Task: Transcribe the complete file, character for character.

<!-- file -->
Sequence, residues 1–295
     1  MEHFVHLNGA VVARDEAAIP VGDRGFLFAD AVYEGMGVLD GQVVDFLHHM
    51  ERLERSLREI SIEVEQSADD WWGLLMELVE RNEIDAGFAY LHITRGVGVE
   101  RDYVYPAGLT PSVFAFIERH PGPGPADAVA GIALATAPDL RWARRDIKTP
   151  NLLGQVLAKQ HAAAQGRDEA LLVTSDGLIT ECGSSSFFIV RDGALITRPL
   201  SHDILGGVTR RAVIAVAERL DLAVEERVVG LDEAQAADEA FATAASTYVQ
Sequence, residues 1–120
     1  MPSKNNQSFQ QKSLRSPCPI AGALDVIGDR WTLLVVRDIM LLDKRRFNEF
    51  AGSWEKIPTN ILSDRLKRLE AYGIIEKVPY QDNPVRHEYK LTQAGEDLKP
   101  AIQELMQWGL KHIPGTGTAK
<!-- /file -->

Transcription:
Sequence, residues 1–295
     1  MEHFVHLNGA VVARDEAAIP VGDRGFLFAD AVYEGMGVLD GQVVDFLHHM
    51  ERLERSLREI SIEVEQSADD WWGLLMELVE RNEIDAGFAY LHITRGVGVE
   101  RDYVYPAGLT PSVFAFIERH PGPGPADAVA GIALATAPDL RWARRDIKTP
   151  NLLGQVLAKQ HAAAQGRDEA LLVTSDGLIT ECGSSSFFIV RDGALITRPL
   201  SHDILGGVTR RAVIAVAERL DLAVEERVVG LDEAQAADEA FATAASTYVQ
Sequence, residues 1–120
     1  MPSKNNQSFQ QKSLRSPCPI AGALDVIGDR WTLLVVRDIM LLDKRRFNEF
    51  AGSWEKIPTN ILSDRLKRLE AYGIIEKVPY QDNPVRHEYK LTQAGEDLKP
   101  AIQELMQWGL KHIPGTGTAK